Comparison of the Regional Lipid Composition and Blubber Morphometrics of an Ingutuk and a Regular Bowhead Whale
IAAAM 1994
Michael K. Stoskopf, DVM, PhD; Jocelyn Pease, BS
Companion Animal and Special Species Medicine, College of Veterinary Medicine, North Carolina State University, Raleigh, NC

Native Alaskans who hunt the bowhead whale recognize a less common form of bowhead whale they refer to as the Ingutuk which has short baleen, dense bones, larger girth, and flukes and flippers somewhat differently shaped than other bowhead whales. Various explanations for these whales include that these animals are young bowheads recently separated from their mothers and carrying large stores of energy including a layer of fat beneath the blubber (separated from the blubber by a thin muscle layer), and large stores of calcium in their bones to support rapid growth. It has also been previously postulated that they could represent an inborn genetic error, perhaps of metabolism.

Samples from an 8.4 meter male bowhead whale judged an Ingutuk and an 11.3 meter male bowhead of regular morphology were examined. Blubber lipid composition was determined by thin layer chromatography, high performance liquid chromatography, and gas chromatography of samples of abdominal fat, fat beneath the blubber, and subsamples from three depths from blubber from 5 sites on each whale. Blubber morphometrics were measured on frozen blubber cores from the five sampling sites. The smaller Ingutuk whale had thicker blubber over all, a thicker epidermis and thicker papillary layer as well as a lesser amount of dense white fibrous connective tissue in the reticular dermis than the longer regular bowhead whale. If the smaller whale were a terrestrial animal, these findings could be interpreted as compatible with a manifestation of congenital hypothyroidism, although the marked differences in length between these two specimens makes it impossible to rule out maturational differences as an explanation. The smaller whale also had markedly fewer long chain and polyunsaturated fatty acids in superficial and deep portions of the blubber layer compared to the longer whale. This study was supported by a grant from North Slope Borough, Department of Wildlife Management, Barrow, Alaska.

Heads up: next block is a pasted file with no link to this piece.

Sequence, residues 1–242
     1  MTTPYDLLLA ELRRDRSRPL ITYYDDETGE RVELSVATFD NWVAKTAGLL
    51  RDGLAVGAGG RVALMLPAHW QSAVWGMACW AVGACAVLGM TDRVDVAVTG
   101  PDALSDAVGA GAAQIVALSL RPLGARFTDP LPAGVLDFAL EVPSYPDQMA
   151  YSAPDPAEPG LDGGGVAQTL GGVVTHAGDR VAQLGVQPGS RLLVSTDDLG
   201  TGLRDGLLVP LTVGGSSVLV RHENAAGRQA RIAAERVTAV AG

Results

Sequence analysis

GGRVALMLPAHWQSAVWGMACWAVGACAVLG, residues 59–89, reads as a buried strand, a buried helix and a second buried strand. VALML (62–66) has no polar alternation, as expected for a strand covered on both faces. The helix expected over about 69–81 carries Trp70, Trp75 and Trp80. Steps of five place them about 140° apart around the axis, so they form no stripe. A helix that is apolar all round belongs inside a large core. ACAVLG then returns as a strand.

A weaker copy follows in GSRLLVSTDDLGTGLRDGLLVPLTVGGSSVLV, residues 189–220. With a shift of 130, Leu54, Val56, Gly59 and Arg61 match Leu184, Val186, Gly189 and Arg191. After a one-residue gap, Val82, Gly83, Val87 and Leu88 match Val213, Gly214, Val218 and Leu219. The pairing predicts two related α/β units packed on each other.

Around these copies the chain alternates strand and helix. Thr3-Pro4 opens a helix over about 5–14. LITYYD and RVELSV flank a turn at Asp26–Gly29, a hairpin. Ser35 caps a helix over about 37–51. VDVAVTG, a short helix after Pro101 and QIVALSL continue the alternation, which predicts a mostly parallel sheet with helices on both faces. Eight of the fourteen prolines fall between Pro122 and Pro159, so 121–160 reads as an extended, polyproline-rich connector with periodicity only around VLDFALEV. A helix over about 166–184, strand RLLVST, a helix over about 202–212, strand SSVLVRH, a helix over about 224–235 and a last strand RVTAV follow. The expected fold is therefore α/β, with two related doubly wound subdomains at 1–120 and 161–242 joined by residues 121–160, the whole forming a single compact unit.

Speaker Information
(click the speaker's name to view other papers and abstracts submitted by this speaker)

Jocelyn Pease, BS

Michael K. Stoskopf, DVM, PhD
Baltimore, MD

MAIN : Session III : Regional Lipid Composition
Powered By VIN